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    Avg. score from 21 reviews
  • 2.6
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    Accomodations & Amenities
  • 2.8
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    Treatment Effectiveness
  • 3.2
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    Meals & Nutrition
Note
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BE
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Staff truly cares about the patients.
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Strong hope saved my life, don't take stock in the reviews...they treat you very well and truly care about your wellbeing
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I was inpatient here two years ago, the experience was terrible, like others say it is like a prison. After I continued after care treatment because I like one of the physicians. I paid upfront each time I went. I constantly asked them where my bills were. They said their billing system was down. A year later I receive a high bill, with NONE of the payments I made in office deducted, also since they are completely inept as a business, they filed all last years claims and my insurance denied them, because they were filed so much later. I am paying a lot of money for their incompetence. I have been going back and forth between the center and their billing company, needed to fax over proof of payment for all those visits. The director has not gotten back to me. This is happening to a lot of patients. I’ve never felt like I need to seek legal advice until now, this is wrong, unethical, and this kind of stress is the last thing that their patients need. I’m not going here anymore. I wish there was someone to contact to hold them responsible for running business poorly.
BF
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All about the money! Patients are often released before they are ready or held longer than they should be. Se. Please go somewhere else for help!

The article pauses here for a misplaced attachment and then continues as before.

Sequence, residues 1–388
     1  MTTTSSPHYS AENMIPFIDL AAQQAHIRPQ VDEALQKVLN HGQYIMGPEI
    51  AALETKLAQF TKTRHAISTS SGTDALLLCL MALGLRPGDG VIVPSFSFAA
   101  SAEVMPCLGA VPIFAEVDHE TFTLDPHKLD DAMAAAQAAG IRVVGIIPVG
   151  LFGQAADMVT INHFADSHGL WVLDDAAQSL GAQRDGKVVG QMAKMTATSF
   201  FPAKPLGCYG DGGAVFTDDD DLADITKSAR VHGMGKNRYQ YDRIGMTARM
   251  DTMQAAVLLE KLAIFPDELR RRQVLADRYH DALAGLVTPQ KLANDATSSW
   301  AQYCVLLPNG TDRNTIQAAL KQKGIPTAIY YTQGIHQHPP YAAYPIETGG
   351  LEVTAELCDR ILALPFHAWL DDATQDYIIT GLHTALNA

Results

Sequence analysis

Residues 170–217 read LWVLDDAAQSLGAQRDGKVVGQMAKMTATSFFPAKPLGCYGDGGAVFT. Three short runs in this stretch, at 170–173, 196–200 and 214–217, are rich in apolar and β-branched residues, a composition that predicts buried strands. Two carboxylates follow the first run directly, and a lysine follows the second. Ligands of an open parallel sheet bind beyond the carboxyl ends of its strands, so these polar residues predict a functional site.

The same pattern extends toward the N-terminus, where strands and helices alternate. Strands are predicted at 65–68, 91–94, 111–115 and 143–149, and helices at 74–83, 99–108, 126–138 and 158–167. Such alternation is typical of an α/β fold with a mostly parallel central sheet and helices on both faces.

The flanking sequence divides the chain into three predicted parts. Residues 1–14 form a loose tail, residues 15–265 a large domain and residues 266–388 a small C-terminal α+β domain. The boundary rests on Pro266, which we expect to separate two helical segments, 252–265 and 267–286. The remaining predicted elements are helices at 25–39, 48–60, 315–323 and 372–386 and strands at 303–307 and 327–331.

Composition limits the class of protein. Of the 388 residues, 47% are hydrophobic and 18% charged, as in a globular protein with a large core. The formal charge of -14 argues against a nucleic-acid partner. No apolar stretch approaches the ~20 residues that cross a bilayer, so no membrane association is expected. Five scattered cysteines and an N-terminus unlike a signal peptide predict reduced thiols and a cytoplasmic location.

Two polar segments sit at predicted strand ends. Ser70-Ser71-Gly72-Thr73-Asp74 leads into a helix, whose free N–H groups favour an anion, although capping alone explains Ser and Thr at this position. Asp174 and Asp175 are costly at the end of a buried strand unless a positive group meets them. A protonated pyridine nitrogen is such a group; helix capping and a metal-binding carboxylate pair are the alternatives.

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I was recently released from this facility and it was horrific. The nurses and techs were good, but the Physician's Assistant who oversaw my treatment was harsh and lacked compassion while the therapist overseeing my case was on a power trip. I was a voluntary admit because I felt unsafe and knew what I could handle. I've been in intensive therapy for over a year because I knew I needed help and worked hard to get it. When admitted, I waited 4 hours before they completed the intake process. During this they rarely came out or updated me on the status of my admission. When I was FINALLY admitted, a nurse took me up to the floor. Upon arrival, a (very nice) nurse informed me that I was placed on the wrong floor because of a lack of beds on the correct floor and that he would try to get me moved as soon as possible. Nobody had informed me of this beforehand. Instead of being put on a general psych unit for people with depression and mood disorders, I was put on crisis stabilization for people with severe mental illnesses, psychotic disorders, etc. This floor was extremely restricted because the patients were unsafe to be in the general public. While on the crisis unit, I met with an AMAZING psychiatrist who, along with my input and consultation with my (highly qualified) outside therapist, felt that I needed to be discharged within 24 hours. Then the PA came in and told me that it didn't matter what he said, it was a team decision, and I probably wouldn't get discharged when he wanted because he was just a resident (even though she didn't have an MD soo....). She told me she would meet with me the next morning after the team meeting. I was moved to the correct unit and still hadn't met with any sort of therapist. The next day my team met and decided (against other professional recommendations) to keep me for further observation. Nobody informed me, despite me asking to talk with someone on my treatment team. I asked repeatedly to make a treatment plan, and I was told they would get to me eventually. I had a family meeting over the phone. The therapist told me it was a thorough plan and I communicated effectively, despite never talking with me about my issues. The therapist also yelled at the nurses, including the nicest nurse who everybody loved. I finally met with the PA at 4 PM, which is most definitely not morning. She told me that I was doing much better and I would be released the next morning. Despite me advocating for my needs and explaining I wouldn't have a ride in the morning, she refused to discharge. When i asked why, she said they wanted to observe me for at least 24 hours (which I had been, just not 24 hours on THAT unit). When i called her out, she said it was because they were short-staffed and there wasn't a doctor to sign off on my discharge. When i asked about a patient advocate, she said the advocate had 24 hours to reach me so it wouldn't make a difference. It was terrible, I never met with a therapist until discharge, the PA was horrid to me and other patients (threatening a unit transfer for standing up for themselves), and I was kept longer than medically recommended, despite being a voluntary admit. This was a terrible experience and made me worse. I hope something changes there because it is not an effective form of treatment.